Grace Denial


(Octavius Winslow, “The Glory of the Redeemer in His People” )

Be cautious of grace denial.

You will need much holy wisdom here, lest you overlook the work of the Spirit within you.

You have thought, it may be, of the glory that Christ receives from . . .
brilliant genius,
and profound talent,
and splendid gifts,
and glowing zeal,
and costly sacrifices,
and extensive usefulness.

But have you ever thought of the glory, the far greater, richer glory, that flows to Him from . . .
the contrite spirit,
the broken heart,
the lowly mind,
the humble walk,
the tear of godly repentance that falls when seen by no human eye,
the sigh of godly sorrow that is breathed when heard by no human ear,
the sin abhorrence,
the self loathing,
the deep sense of vileness, and poverty, and infirmity that takes you to Jesus with the prayer:
“Lord, here I am; I have brought to You . . .
my rebellious will,
my wandering heart,
my worldly affections,
my peculiar infirmity,
my besetting and constantly overpowering sin.
Receive me graciously, put forth the mighty power of Your grace in my soul, and subdue all, and rule all, and subjugate all to Yourself! Will it not be for Your glory, the glory of Your great name . . .

if this strong corruption were subdued by Your grace,
if this powerful sin were nailed to Your cross,
if this temper so volatile,
if this heart so impure,
if these affections so truant,
if this mind so dark,
if these desires so earthly,
if these pursuits so carnal,
if these aims so selfish,
were all entirely renewed by Your Spirit, sanctified by Your grace, and made each to reflect Your image? Yes, Lord, it would be for Your glory, through time and through eternity!”

Brought to you by Grace Gems!

LET US BE FRANK: You Are Not Needed There


Continued from Part 1

“I’m not sure that I’ve got the exact point you are trying to make,” said the Ghost.

“I am not trying to make any point,” said the Spirit. “I am telling you to repent and believe.”

“But my dear boy, I believe already. We may not be perfectly agreed, but you have completely misjudged me if you do not realise that my religion is a very real and a very precious thing to me.”

“Very well,” said the other, as if changing his plan. “Will you believe in me?”

“In what sense?”

“Will you come with me to the mountains? It will hurt at first, until your feet are hardened. Reality is harsh to the feet of shadows. But will you come?”

“Well, that is a plan. I am perfectly ready to consider it. Of course I should require some assurances … I should want a guarantee that you are taking me to a place where I shall find a wider sphere of usefulness-and scope for the talents that God has given me-and an atmosphere of free inquiry-in short, all that one means by civilisation and- er-the spiritual life.”

“No,” said the other. “I can promise you none of these things. No sphere of usefulness: you are not needed there at all. No scope for your talents: only forgiveness for having perverted them. No atmosphere of inquiry, for I will bring you to the land not of questions but of answers, and you shall see the face of God….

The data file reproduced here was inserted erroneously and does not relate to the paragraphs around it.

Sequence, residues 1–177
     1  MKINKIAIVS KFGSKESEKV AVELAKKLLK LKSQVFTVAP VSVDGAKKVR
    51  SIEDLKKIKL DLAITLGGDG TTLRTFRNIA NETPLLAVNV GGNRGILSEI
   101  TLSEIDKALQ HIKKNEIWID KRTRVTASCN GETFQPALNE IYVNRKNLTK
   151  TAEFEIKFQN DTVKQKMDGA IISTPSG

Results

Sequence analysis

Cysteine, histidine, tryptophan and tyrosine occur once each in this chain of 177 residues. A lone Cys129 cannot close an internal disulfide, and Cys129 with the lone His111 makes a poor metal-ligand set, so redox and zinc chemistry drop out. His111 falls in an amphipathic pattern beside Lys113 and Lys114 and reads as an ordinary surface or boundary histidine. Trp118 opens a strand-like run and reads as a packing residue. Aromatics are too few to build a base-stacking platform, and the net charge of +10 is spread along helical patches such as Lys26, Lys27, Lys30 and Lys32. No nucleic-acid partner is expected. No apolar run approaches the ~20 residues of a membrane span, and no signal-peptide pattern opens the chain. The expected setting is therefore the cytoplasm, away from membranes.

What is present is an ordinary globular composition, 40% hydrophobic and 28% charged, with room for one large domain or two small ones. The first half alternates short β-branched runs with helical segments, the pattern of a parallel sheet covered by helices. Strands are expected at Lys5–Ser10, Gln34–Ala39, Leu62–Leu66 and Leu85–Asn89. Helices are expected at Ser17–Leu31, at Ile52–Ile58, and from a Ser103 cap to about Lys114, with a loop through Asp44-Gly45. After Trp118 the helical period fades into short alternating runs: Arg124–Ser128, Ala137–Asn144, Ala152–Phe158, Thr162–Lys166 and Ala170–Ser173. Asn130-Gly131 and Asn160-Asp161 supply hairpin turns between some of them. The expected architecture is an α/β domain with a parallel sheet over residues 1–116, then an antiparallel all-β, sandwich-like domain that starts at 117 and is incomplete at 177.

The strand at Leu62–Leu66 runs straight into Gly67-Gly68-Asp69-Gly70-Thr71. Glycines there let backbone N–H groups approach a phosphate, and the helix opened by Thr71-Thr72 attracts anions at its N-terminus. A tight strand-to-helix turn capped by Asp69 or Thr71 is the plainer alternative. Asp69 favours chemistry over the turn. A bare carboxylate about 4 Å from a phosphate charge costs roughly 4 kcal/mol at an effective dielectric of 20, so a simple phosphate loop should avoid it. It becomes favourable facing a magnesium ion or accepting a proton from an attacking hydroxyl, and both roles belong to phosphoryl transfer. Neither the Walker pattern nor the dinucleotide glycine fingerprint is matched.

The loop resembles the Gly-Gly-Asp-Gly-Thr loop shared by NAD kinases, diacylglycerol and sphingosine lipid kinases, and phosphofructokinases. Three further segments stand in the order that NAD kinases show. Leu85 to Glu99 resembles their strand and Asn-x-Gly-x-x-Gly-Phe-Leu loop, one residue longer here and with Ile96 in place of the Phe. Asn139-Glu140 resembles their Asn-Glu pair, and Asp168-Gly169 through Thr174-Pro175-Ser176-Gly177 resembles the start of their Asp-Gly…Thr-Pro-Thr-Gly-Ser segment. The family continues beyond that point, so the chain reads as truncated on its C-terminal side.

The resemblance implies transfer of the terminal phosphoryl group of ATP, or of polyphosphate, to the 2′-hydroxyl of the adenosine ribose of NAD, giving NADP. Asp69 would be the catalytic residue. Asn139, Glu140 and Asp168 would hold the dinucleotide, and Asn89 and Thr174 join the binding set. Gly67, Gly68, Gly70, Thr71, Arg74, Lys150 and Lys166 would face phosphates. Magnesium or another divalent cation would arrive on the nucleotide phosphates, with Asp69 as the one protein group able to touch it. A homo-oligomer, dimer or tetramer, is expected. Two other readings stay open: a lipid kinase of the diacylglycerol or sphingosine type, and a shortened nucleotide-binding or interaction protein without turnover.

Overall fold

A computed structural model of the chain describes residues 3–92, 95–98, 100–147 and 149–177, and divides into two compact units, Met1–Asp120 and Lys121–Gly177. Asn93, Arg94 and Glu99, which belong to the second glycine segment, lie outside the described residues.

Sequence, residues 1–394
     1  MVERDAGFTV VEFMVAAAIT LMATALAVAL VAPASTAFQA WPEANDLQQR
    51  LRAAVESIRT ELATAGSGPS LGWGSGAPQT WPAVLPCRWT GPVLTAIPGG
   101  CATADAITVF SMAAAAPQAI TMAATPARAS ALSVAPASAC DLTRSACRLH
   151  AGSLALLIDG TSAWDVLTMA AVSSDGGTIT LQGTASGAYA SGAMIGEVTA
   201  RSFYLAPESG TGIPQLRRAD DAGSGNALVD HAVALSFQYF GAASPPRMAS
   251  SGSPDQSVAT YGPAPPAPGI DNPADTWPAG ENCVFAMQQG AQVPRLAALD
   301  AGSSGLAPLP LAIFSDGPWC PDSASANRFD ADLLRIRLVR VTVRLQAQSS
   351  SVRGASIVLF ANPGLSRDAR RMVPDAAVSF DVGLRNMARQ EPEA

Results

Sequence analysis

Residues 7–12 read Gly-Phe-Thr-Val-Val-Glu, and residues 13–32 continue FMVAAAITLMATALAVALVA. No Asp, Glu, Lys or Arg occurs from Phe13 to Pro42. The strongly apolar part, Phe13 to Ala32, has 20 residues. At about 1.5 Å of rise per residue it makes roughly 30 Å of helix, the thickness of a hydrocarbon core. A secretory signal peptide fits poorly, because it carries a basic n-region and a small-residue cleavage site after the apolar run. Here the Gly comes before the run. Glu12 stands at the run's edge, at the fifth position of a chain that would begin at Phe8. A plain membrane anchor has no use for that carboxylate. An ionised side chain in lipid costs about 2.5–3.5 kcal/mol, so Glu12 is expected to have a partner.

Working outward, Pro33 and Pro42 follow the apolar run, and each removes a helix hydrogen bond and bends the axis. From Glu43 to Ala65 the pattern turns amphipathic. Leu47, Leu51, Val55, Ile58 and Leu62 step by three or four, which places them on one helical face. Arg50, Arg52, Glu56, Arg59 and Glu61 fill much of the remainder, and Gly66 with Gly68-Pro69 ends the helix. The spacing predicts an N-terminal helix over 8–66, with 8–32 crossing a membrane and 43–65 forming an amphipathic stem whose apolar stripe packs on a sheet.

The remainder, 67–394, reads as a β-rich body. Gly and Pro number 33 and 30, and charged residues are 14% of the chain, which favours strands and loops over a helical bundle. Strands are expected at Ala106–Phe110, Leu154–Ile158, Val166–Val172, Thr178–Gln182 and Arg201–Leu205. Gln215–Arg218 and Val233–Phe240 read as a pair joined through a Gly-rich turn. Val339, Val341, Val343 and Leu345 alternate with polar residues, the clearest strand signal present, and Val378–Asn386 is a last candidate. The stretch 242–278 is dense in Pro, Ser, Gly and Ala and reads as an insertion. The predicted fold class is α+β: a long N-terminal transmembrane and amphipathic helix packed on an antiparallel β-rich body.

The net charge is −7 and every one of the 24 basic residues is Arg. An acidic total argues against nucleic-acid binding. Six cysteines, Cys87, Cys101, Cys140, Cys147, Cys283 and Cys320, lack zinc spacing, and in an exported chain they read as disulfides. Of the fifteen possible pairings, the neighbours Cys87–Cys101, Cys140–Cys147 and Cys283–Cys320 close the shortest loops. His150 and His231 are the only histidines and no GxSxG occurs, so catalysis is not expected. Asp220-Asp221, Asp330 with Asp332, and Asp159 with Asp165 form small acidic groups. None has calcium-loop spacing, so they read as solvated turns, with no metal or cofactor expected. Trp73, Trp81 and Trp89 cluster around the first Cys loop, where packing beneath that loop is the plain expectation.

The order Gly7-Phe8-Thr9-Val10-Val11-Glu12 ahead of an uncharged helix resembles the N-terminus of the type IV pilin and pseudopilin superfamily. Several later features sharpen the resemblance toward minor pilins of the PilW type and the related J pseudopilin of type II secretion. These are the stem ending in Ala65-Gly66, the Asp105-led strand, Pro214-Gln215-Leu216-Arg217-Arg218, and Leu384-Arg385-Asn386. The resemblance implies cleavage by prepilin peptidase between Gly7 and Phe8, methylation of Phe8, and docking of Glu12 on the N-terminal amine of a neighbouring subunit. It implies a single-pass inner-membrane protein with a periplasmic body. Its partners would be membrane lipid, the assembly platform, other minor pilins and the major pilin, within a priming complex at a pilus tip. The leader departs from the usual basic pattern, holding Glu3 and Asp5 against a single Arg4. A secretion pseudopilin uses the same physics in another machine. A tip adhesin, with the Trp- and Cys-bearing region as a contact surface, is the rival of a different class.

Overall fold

Happiness, my dear Dick,” said the Ghost placidly, “happiness, as you will come to see when you are older, lies in the path of duty. Which reminds me. . . . Bless my soul, I’d nearly forgotten. Of course I can’t come with you. I have to be back next Friday to read a paper.1 We have a little Theological Society down there. Oh yes! there is plenty of intellectual life. Not of a very high quality, perhaps. One notices a certain lack of grip-a certain confusion of mind. That is where I can be of some use to them.”

C.S. Lewis, The Great Divorce

Ah, yes, to be of some use, to  scramble for that wider sphere of usefulness, to find that special  purpose that God has for us.  Sound familiar?

It sounds scary, actually, considering the ghost’s obsession with his own talents and usefulness. I know many useful Christians and many talented souls still searching for their special calling.

Yes, God does have a special plan for us, albeit not hid as though we’re asked to join some divine game of hide and go seek.  God has revealed it plainly. Our chief and highest end is to glorify God and to fully enjoy Him forever.2

For of Him, and through Him, and to Him, are all things: to whom be glory for ever. Amen.  Romans 11:36

Here lies our special purpose.

So, whether you eat or drink, or whatever you do, do all to the glory of God.  1 Corinthians 10:31

Whatsoever we do… whether sweeping the streets, birthing a child, sailing the sea, writing a book, riding a camel, sleeping on a cot, scaling the highest mountains, or plunging a smelly clog… we are commanded to do all things big or small, grand or lean, noticed or hid… to the glory of Him who gave us life, goodness and much grace.

For who sees anything different in you? What do you have that you did not receive? If then you received it, why do you boast as if you did not receive it?  1 Corinthians 4:7

If we are useful, and I hope we are, it’s because God has fashioned and equipped us – has graciously blessed us with His gifts perfected in Christ. God has done so because He is good and worthy of all glory (not because we are great and indispensably useful).

So, let us do what we’ve been asked to do. It is more than enough.

He has told you, O man, what is good; and what does the LORD require of you but to do justice, and to love kindness, and to walk humbly with your God?  Micah 6:8

To what end? To see the face of God and to have all our questions stilled, all doubt dissolved, all tears wiped away in His love and glory.

1 But they all began to make excuses…
2 The Westminster Larger Catechism

“We walk into the future in God-glorifying confidence, not because the future is known to us but because it is known to God. And that’s all we need to know.” ― Kevin DeYoung, Just Do Something: A Liberating Approach to Finding God’s Will